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Canada’s working-age population is older than ever, StatsCan says


Canada’s working-age population is older than it has ever been, with more than one in five working adults now nearing retirement in a demographic shift that will create significant challenges to the Canadian workforce in the coming decade, according to new census figures released Wednesday. 

Calling it a “date with demographic destiny,” Laurent Martel, director for the centre of demography at Statistics Canada, said: “Canada is at a very special place right now” in its demographic history. 

“There are very large implications of this situation and it is certainly one factor explaining the current labour shortages that Canada is experiencing.”

The Canadian population now has a larger proportion of people aged 55 to 64 than it does of those aged 15 to 24, the age at which people enter the workforce. 

In 1966, there were 200 people aged 15 to 24 for every 100 Canadians aged 55 to 64, but that has now been flipped on its head. In 2021, there were only 81 people aged 15 to 24 for every 100 Canadians in the 55 to 64 age group.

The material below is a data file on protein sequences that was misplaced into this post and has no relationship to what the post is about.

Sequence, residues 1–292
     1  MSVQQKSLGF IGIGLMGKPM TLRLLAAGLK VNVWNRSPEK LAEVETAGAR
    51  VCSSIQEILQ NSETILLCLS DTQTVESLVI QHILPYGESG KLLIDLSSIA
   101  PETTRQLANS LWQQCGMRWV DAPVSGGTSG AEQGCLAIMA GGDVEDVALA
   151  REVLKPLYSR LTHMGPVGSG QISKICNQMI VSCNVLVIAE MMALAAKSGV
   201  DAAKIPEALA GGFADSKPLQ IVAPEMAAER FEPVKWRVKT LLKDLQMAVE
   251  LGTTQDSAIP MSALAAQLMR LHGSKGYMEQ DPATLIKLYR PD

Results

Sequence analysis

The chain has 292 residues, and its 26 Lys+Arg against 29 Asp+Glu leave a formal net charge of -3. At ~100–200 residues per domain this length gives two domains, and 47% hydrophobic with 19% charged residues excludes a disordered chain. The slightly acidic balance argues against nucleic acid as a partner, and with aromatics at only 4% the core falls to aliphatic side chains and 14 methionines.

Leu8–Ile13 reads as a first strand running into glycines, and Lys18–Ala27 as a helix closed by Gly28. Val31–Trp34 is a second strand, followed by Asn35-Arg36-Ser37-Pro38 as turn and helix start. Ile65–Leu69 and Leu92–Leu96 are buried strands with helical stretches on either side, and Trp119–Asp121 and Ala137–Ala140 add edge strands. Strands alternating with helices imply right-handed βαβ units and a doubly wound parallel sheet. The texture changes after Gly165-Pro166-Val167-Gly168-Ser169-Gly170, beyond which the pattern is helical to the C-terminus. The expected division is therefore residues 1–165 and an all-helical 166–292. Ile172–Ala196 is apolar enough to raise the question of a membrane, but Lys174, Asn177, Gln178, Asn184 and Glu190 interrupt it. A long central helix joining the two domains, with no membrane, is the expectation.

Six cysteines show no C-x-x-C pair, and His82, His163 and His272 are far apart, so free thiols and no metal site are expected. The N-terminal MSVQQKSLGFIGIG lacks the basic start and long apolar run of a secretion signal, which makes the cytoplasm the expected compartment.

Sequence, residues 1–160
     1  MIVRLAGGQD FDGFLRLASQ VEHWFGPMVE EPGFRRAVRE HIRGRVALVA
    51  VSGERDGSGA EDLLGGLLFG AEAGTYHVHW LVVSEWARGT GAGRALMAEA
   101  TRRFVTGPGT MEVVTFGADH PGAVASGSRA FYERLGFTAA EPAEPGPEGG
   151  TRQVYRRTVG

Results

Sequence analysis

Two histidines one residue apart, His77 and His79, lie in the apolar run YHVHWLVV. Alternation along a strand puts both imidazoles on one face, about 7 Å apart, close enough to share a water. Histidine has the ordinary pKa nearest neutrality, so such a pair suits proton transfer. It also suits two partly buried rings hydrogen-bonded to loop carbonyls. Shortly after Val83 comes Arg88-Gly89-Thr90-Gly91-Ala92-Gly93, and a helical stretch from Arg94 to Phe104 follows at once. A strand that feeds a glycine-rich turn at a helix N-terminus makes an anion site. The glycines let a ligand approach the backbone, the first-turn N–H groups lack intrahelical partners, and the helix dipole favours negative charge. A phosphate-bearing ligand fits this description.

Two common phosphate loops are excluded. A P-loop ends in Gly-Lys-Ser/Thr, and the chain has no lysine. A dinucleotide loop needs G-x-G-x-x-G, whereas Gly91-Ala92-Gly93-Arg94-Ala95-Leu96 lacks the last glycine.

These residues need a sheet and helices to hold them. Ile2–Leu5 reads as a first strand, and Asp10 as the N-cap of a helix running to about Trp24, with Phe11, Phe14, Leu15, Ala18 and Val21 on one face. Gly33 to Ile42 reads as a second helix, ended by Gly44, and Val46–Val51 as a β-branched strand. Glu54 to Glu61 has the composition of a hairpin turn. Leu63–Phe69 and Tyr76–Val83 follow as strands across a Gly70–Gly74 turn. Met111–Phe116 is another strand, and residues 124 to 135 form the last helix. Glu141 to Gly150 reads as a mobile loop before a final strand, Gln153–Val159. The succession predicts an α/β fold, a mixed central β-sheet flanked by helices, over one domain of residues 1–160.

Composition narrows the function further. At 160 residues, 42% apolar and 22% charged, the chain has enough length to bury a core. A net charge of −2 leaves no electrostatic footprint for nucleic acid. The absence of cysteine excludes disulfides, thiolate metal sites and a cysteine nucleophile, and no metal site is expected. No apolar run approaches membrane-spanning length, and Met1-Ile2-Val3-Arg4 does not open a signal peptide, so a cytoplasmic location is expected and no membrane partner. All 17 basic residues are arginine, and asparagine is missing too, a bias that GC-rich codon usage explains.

“There are challenges associated with an older workforce, including knowledge transfer, retaining experienced employees and workforce renewal,” the agency said in its report. 

Statistics Canada says that this trend can be slowed through immigration, but “an increase in immigration — even a large one — would not significantly curb this projected drop.” 

The 2021 census says that while declining fertility rates and an increased life expectancy are important factors, the single most significant driver of Canada’s aging population trend is the ongoing retirement of baby boomers (Canadians born between 1946 and 1965 ), which began in 2011.

More to come.



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